By Carole Herder
Videos like this give me the goose bumps: http://youtu.be/U2fIZhAKfbw. It’s something that I will always aspire to but know deep down I will never quite get there. The time, patience and consistency required to achieve this, as well as a natural softness and apathy with horses, is monumental.
On the other hand, there are plenty of little things we can still do with our horses to give us a small taste of this experience. I have managed to get my horse to follow me around the paddock in walk and trot, move all four feet individually as I ask and go through gates and turn and wait for me, all at liberty. Some parts are simply a training trick, some parts show that the horse genuinely wants to be with me. I think there is no feeling in the world like that of knowing a horse wants to be near me; the respect and bond that can be achieved is next to none in nature.
But why work with a horse at liberty? As I mentioned already, the feeling that comes with knowing that a horse wants to be near you, without you having to drag him around on the end of a rope, is out of this world. If your horse is badly behaved or having mental/physical/emotional problems, working at liberty successfully can improve your relationship to such an extent that they see you as the leader and are therefore happy and willing to do as you ask. This enhanced connection will give you a much more rewarding relationship together. If you can communicate successfully with your untied horse on the ground, imagine how wonderful it would be to be on his back like this.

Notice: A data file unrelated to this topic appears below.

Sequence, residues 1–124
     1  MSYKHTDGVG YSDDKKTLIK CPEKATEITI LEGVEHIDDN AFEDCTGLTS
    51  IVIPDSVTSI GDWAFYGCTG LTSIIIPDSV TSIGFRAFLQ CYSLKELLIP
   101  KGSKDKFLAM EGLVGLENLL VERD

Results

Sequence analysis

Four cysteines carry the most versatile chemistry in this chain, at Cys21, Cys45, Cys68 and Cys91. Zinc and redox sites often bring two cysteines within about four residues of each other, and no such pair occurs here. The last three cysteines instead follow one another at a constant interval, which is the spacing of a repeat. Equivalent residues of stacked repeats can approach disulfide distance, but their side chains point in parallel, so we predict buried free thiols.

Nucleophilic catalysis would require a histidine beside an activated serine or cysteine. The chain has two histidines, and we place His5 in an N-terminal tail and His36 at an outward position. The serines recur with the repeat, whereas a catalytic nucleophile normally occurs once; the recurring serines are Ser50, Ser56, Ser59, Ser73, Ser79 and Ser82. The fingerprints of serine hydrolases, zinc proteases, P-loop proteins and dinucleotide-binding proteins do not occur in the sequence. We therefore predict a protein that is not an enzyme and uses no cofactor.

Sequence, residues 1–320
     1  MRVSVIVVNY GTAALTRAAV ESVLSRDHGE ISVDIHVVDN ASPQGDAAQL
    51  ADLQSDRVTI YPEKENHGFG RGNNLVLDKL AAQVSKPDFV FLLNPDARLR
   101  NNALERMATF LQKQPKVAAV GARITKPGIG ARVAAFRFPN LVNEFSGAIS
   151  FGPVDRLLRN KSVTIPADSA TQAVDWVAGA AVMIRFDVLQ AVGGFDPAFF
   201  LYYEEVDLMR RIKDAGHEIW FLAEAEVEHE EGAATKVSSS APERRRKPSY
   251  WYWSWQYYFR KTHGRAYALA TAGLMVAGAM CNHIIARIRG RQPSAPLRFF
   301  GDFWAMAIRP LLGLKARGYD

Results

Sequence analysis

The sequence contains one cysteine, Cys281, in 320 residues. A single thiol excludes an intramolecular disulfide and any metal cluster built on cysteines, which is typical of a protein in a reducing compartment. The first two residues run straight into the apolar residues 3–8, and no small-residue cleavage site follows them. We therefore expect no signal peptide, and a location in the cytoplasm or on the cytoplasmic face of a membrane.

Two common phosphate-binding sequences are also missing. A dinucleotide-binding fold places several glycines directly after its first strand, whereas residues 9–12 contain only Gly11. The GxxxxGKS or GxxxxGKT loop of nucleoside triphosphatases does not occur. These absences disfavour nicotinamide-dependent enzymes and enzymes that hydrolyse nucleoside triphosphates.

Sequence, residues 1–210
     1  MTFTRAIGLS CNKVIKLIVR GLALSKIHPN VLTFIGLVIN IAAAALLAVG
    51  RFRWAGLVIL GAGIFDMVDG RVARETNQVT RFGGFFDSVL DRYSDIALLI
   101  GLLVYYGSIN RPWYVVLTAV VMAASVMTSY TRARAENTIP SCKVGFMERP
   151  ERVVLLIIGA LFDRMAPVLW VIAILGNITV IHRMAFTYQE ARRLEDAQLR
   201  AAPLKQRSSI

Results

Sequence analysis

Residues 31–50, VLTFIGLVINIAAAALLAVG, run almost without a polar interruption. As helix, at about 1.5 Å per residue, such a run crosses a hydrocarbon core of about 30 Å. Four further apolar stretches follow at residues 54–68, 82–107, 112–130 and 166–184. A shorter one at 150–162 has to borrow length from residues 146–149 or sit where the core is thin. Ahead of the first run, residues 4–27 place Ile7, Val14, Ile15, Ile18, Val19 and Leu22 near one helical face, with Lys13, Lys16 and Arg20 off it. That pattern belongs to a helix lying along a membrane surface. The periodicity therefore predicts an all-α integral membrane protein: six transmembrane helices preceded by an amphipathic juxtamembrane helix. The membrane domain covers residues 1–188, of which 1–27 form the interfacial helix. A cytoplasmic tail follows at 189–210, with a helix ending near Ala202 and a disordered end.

Many natural training styles use some sort of liberty within their programmes: Monty Roberts has Join-Up, Pat Parelli has a whole liberty level and horsewomen such as Carolyn Resnick focus solely on working with horses at liberty. It is a wonderful feat to achieve but remember to do it sensibly and safely. Do not put you or your horse in danger – horses can revert to herd instincts when at liberty and you must know how to approach this.